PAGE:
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The success of pharmacists administering flu and Covid vaccines makes Fintan Moore wonder if this relationship with patients can be further leveraged

The involvement of pharmascists in flu and Covid vaccination programme has demonstrated further proof of something that we always knew, namely that we are pretty useful when you want to reach a wide population base with a healthcare initiative. In particular, large numbers of people who have started to get regular annual flu vaccinations in a pharmacy setting were never previously in the habit of doing so, indicating that we are able to connect with people that don’t routinely engage with other areas of the health service.
So, the obvious question is, how can this ability to communicate be leveraged to benefit population health?

For instance, an organisation called The Climate and Health Alliance was formed in 2019, which is made up of a number of public health organisations and advocacy groups from around the island of Ireland. The alliance currently has 20 members, including the Irish Heart Foundation, the IMO and the ICGP. On the Alliance’s website, it states that it “seeks to highlight the enormous public health harms that arise from climate change while emphasising the significant health benefits that can be unlocked by tackling global warming; provide a platform for health professionals and organisations to act; and advocate for greater government action in addressing the climate crisis so that the health benefits are attained”. One of their aims is “raising public awareness of the links between health and climate change”.

Their website is worth a read, and they have correctly identified that the rise in the consumption of ultra-processed food, especially sugary drinks and takeaway meals, and of high levels of red and processed meat, is bad for both the environment and the general health of the population. A shift towards more plant-based diets, cooked using healthier ingredients, would help address both issues. For educating the public on ways to do this, would it make sense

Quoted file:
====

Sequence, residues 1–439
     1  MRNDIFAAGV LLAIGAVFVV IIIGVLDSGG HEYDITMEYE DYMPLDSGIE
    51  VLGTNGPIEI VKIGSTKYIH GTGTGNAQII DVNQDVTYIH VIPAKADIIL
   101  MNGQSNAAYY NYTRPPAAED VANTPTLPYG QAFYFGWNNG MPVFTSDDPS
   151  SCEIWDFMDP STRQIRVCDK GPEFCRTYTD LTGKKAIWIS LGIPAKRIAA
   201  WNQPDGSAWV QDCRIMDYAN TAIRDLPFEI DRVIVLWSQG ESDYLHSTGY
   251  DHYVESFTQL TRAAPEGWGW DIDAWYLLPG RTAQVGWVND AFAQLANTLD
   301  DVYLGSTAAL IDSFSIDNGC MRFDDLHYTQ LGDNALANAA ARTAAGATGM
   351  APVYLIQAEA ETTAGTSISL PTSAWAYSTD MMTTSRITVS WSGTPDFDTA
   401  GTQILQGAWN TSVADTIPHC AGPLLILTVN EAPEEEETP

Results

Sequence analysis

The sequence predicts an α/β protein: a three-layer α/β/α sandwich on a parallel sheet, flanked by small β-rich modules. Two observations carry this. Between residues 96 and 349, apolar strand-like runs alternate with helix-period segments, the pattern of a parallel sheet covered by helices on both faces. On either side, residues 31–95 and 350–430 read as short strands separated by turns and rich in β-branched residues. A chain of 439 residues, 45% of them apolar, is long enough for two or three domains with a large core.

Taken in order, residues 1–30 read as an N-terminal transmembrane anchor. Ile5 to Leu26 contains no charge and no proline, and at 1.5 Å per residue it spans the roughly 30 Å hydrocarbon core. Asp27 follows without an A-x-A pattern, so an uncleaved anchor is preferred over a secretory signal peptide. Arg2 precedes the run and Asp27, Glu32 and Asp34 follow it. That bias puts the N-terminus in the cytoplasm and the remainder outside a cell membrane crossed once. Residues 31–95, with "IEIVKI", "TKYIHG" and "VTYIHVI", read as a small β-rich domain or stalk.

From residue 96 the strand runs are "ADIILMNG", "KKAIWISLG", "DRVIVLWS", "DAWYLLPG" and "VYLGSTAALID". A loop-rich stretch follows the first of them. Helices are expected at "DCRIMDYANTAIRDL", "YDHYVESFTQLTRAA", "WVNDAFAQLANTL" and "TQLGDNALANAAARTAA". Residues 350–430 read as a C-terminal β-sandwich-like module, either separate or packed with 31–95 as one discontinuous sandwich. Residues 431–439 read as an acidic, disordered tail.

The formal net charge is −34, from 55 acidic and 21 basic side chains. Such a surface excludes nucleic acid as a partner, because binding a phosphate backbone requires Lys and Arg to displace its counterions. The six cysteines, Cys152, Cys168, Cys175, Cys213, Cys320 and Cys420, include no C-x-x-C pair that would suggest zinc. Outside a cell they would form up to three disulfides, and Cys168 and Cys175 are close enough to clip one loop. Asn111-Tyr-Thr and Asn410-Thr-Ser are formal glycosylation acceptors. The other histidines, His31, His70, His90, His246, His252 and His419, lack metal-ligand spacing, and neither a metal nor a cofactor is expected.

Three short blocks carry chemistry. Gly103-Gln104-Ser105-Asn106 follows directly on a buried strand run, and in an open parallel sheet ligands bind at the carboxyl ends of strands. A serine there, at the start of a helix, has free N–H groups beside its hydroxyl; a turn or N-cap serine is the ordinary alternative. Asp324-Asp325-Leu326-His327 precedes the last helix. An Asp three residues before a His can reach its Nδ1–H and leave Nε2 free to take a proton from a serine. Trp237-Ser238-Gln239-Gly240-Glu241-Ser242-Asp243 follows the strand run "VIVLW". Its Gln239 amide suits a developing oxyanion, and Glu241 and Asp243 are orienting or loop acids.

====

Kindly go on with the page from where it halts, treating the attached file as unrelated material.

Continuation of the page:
for pharmacies to participate in some way? Pretty much every pharmacy in the country has some kind of online presence, whether it be a website, Facebook, Instagram, dedicated apps or other options. If you wanted to disseminate advice on healthier eating, including simple nourishing or vegetarian recipes, I can’t think of a more efficient way to do it than via pharmacy. So, should we try to get on board?


Like every other business in the country, pharmacies have seen their energy costs hike dramatically in the last 12 months. In general, pharmacies are lucky in that we tend not to be overly ‘power-hungry’. Our fridges, PCs and printers don’t consume too much electricity. I changed my lighting  to LEDs a few years ago so they’re very efficient, and my main drain is my air- conditioning unit, especially when used for heating in the winter months. As a consequence of my electricity bills being not very hefty in the first place, I was a bit slow off the mark to look seriously at the Government’s Temporary Business Energy Support Scheme (TBESS). I was vaguely aware of the details, but it was only when I compared bills from a year ago with recent bills that I realised my costs had doubled. So, registering and claiming the TBESS rebate was actually worth doing. It took a couple of hours to complete the process but the rebate came to over €500, which was a pretty good return on the time spent.


One of the banes of life in community pharmacy is the ever-present possibility of shoplifting. There’s no way to prevent it completely, so I try to limit the possible damage by keeping expensive stock where we can keep an eye on it. Even that isn’t foolproof, so whenever we’re pricing items we factor in a bit extra to allow for the stuff that goes out the door without going through the till. We do try to spot the dodgy customers, but it’s not always easy, and even if you get a vibe that somebody’s a bit scummy, they can still manage to pocket something. Sometimes the only way to confirm suspicions is by replaying the CCTV footage after they leave to see if they did actually steal. If the video shows that they did get lucky, then at least we know that we can bar them from coming in again.

However, we had a case recently where the CCTV footage confirmed the opposite. Three teenage girls were in, and raised no hackles with any of us. Then after they left, a guy stuck his head in the door to say that he’d seen one of them taking stuff off a shelf. He had been outside but had spotted the girl through the window. So we replayed the footage for the time the girls were in, and it turned out that they were innocent. One of them had been eating from a large bag of sweets and took off her  backpack and put it on the floor to put the remains of the bag into it. Our eye-witness had thought she was putting in stolen stock. The worrying thing is how easily that could have escalated into us wrongfully accusing her, with all the dire legal consequences that could have ensued.

Choose your enemies carefully, and your friends very carefully!


Fintan Moore graduated as a pharmacist in 1990 from TCD and currently runs a pharmacy in Clondalkin. His email address is: greenparkpharmacy